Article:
Wisdom Gone Wild
A new look at dementia and caregiving, observed over 15 years. A Japanese American mother and daughter evolve their troubled relationship through the process of caregiving.
Throughout the U.S., change-makers of all ages and backgrounds are fighting for criminal justice reform, creating community transformation that inspires hope nationwide.
Zac Manuel is a New Orleans filmmaker and the son of a touring jazz musician and a community builder at the Department of Housing and Urban Development. His work in documentary and music video explores intimacy, Black masculinity, class, identity, and inheritance. His most recent films include Time, The Cut, Nonstop, and This Body.
Lauren Grace Cargo is a New Orleans-based independent producer and casting director whose practice spans the worlds of narrative and documentary filmmaking. Her work focuses on the uncelebrated uniquenesses of the human spirit. Projects she's contributed to have played at Sundance, New Orleans FF, the Super Bowl, the Whitney Biennial, and PBS.
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Across the United States, community leaders of different ages, backgrounds and geographies are fighting for criminal justice reform. Their work has tangible impacts on the lives of those around them and together they look to a future where no one is left behind. Independent Lens Bridge Builders is a series of short documentaries highlighting these changemakers and their communities, collectively crafting a picture of the reform landscape nationwide.
Their stories include Haki Sekou, one of two Community Health Workers at the Formerly Incarcerated Transitions (FIT) Clinic in New Orleans. Equipped with his own experiences from time served at Angola Louisiana State Penitentiary, Haki empowers recently released individuals who are facing the same roadblocks that he encountered through education, understanding, and care.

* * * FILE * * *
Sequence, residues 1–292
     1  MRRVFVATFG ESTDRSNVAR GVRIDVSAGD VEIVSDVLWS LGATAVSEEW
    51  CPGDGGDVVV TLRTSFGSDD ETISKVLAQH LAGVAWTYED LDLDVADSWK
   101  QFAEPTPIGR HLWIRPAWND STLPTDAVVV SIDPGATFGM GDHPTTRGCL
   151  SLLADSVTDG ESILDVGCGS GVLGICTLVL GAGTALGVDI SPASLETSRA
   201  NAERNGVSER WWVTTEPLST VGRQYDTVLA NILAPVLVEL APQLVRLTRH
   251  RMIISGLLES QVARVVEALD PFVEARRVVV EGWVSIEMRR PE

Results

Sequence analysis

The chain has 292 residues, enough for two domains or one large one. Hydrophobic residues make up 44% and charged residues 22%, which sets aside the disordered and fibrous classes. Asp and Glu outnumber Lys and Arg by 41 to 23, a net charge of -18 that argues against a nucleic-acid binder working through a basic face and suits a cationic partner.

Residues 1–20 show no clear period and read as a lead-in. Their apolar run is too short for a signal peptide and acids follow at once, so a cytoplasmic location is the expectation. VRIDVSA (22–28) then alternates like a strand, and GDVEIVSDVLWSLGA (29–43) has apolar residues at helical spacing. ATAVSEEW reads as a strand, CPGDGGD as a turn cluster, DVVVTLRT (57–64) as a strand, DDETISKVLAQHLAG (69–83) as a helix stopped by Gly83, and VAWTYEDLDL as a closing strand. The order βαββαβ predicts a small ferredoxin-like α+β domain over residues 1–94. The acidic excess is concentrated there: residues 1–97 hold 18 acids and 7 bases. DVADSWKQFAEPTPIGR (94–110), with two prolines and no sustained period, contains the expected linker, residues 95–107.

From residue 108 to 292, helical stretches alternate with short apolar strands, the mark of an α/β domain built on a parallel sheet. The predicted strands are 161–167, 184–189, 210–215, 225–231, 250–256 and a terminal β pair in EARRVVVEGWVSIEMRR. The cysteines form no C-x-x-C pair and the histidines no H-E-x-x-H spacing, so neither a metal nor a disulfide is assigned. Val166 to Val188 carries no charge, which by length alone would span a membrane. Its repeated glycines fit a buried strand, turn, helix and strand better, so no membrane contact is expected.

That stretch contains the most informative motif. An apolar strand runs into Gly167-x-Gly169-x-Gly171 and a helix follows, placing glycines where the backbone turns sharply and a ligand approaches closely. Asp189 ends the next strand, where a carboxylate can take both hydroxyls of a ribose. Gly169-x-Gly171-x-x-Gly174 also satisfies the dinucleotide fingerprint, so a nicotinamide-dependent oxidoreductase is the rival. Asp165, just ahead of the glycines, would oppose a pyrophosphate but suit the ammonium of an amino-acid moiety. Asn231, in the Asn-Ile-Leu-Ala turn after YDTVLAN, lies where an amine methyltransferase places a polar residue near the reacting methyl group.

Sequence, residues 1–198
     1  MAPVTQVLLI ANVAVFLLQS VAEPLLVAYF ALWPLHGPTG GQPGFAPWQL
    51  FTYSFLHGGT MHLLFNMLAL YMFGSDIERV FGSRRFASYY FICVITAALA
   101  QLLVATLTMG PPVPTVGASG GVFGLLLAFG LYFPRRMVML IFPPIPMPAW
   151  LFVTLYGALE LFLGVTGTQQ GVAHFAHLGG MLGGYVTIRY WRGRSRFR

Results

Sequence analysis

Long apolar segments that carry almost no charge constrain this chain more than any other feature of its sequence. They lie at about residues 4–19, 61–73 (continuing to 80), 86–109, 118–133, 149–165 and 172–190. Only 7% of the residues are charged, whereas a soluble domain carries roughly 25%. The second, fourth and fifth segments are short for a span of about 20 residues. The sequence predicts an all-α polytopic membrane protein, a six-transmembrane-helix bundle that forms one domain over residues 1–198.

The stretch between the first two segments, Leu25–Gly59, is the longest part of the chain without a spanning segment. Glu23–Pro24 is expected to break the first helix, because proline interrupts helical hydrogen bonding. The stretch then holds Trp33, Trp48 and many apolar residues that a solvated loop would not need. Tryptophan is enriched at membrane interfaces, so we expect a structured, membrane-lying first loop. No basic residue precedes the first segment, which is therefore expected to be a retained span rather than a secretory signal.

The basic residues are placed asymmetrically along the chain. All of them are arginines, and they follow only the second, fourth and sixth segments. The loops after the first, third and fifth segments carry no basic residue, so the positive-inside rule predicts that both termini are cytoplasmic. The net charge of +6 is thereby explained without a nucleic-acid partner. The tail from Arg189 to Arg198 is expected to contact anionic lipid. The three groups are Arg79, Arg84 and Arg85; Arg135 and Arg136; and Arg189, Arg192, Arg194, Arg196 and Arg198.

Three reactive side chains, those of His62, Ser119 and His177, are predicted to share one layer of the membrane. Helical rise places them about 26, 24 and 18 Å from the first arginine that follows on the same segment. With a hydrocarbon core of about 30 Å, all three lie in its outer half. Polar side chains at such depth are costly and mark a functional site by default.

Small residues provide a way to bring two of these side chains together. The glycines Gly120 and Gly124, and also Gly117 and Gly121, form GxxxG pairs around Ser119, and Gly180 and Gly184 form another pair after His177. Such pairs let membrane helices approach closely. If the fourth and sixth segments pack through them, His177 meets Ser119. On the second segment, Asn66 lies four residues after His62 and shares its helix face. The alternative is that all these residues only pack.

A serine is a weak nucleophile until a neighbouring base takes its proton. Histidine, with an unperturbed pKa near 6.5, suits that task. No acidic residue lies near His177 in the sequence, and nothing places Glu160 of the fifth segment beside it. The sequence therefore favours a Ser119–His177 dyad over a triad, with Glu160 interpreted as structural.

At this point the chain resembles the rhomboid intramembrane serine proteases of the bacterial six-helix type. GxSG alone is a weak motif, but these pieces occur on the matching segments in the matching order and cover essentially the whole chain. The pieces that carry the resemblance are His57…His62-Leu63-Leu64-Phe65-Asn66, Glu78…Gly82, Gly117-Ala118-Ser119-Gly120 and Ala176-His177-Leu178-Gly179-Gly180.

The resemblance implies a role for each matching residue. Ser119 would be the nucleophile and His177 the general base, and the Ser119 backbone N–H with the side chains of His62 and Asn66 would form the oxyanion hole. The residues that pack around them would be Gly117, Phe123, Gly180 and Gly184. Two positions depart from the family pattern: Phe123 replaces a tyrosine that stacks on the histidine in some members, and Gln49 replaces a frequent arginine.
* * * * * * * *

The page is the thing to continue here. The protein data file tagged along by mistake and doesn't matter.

Jennifer Carreon, a Chicana from the Laredo, Texas border and Director of the Criminal Justice Project with Texas Appleseed, works to reshape the Texas Criminal Legal system. Rooted in a bottom-up approach to social change, she is a bridge between system impacted communities of color and legislators.
Trina Reynolds Tyler is a journalist and a data analyst who leads Beneath the Surface, an investigation into gender based violence buried in police complaints in Chicago. Trina sifts through misconduct data to identify patterns of abuse that are misclassified, present findings to the public, and expand discourse around police misconduct.
Ny Nourn is the Co-Director of the Asian Prisoner Support Committee (APSC), a Bay Area coalition that provides direct support to incarcerated Asian American and Pacific Islanders. Ny works to dismantle the prison to deportation pipeline and bring community members home.
And Community Aid Network, a Minneapolis-based mutual aid collective formed in August 2020 to address immediate needs of underserved communities suffering from the twin pandemics of COVID-19 and systemic racism; they build bonds between neighbors, organize volunteers, and redistribute resources.
These organizations, and the people who drive them, are beacons of hope across a landscape of turmoil.
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